KCB Group #ticker:KCB will take over about Sh4 billion of the Sh53 billion outstanding deposits in the defunct Imperial Bank after completing due diligence on the lender, leaving the heavier burden on the State-run deposits insurer.
Chief executive Joshua Oigara said on Thursday that the bank’s Kenyan subsidiary, KCB Kenya, will only take over 7.5 percent each of outstanding deposits and loans as at end of July.
This translates to about Sh3.975 billion of the deposits. This leaves the Kenya Deposit Insurance Corporation (KDIC) with the laborious task of trying to realise Sh49.03 billion for depositors who had kept large sums in Imperial Bank.
“The (7.5 percent) is of whatever is outstanding which is about Sh53 billion, and that is what we will be paying 7.5 percent and we leave KDIC to resolve what remains in terms of the amount. For that, we will then exclude a number of assets and take a few. So we are also taking 7.5 percent of the loans,” Mr Oigara said.
Both KCB and KDIC did not reveal the value of outstanding loans when they disclosed the revised final bid.
“Let’s not share that with you. That’s between me and KCB,” KDIC chief executive Mohamud Ahmed Mohamud responded when asked about the outstanding loans.
KCB had earlier in the month, however, said the loans in Imperial Bank that had enough collateral were less than its earlier estimates of $100 million (Sh10 billion). The revised estimates translates to less than Sh5 billion.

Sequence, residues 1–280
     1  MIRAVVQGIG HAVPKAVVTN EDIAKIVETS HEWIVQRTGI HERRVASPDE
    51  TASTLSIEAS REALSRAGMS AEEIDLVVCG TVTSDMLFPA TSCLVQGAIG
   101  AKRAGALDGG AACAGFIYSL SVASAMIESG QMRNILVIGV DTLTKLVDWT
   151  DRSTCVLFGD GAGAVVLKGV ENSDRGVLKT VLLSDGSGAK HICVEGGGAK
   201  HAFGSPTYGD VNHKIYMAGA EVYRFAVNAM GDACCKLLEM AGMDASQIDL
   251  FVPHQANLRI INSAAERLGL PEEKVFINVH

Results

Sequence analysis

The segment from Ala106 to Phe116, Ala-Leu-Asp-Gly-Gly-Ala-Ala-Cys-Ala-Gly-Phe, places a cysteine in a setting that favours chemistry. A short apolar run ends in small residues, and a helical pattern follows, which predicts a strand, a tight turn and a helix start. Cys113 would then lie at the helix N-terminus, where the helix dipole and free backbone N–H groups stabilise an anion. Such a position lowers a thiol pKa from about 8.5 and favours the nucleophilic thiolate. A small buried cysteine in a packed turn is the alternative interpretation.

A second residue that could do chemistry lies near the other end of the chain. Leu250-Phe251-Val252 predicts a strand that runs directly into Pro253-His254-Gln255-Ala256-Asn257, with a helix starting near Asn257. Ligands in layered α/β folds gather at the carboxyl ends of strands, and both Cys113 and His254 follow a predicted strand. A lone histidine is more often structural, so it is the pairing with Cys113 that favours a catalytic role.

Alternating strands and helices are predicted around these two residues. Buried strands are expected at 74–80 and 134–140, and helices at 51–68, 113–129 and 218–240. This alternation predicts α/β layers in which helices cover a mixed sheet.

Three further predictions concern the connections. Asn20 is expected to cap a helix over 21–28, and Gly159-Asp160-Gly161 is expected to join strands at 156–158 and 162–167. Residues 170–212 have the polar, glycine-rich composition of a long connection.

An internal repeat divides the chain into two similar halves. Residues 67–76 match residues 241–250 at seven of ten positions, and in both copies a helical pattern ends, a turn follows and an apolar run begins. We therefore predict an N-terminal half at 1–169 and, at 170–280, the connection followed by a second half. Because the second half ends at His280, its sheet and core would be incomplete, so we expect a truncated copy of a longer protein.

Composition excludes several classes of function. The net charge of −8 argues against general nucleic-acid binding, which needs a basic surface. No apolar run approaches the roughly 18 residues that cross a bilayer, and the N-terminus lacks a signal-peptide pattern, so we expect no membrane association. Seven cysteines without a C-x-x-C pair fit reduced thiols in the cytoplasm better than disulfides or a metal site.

KCB, Kenya’s largest lender by market share, which is also on verge of completing the acquisition of State-run National Bank of Kenya, said its commitment to take over Imperial Bank’s five branches remains intact.
“KCB conducted intense due diligence and has since revised the final offer to a takeover of 7.5 percent of the outstanding deposit balance, translating to a total recovery rate to the depositors of 38 percent. This recovery does not include 50 percent of the current loan balances linked to ongoing litigation,” KDIC said in a press statement.
An estimated 92 percent of smaller depositors had last December been granted full access to their cash through KCB, which acted as an agent of KDIC, the receiver manager of Imperial Bank, which collapsed in 2015.
KDIC said it plans to implement a risk-based premium payment model for banks from July 2020 to quicken resolution processes of collapsed banks and enhance surveillance through access to industry reports from CBK to forestall bank failures.
Mr Oigara said KCB had paid out nearly Sh6 billion additional cash on behalf of KDIC since it made a final bid to acquire a portion of assets and liabilities in “good books” in April.
“A lot of questions have been asked why it takes long. Resolving an institution is a complex process. The next steps are straightforward,” he said.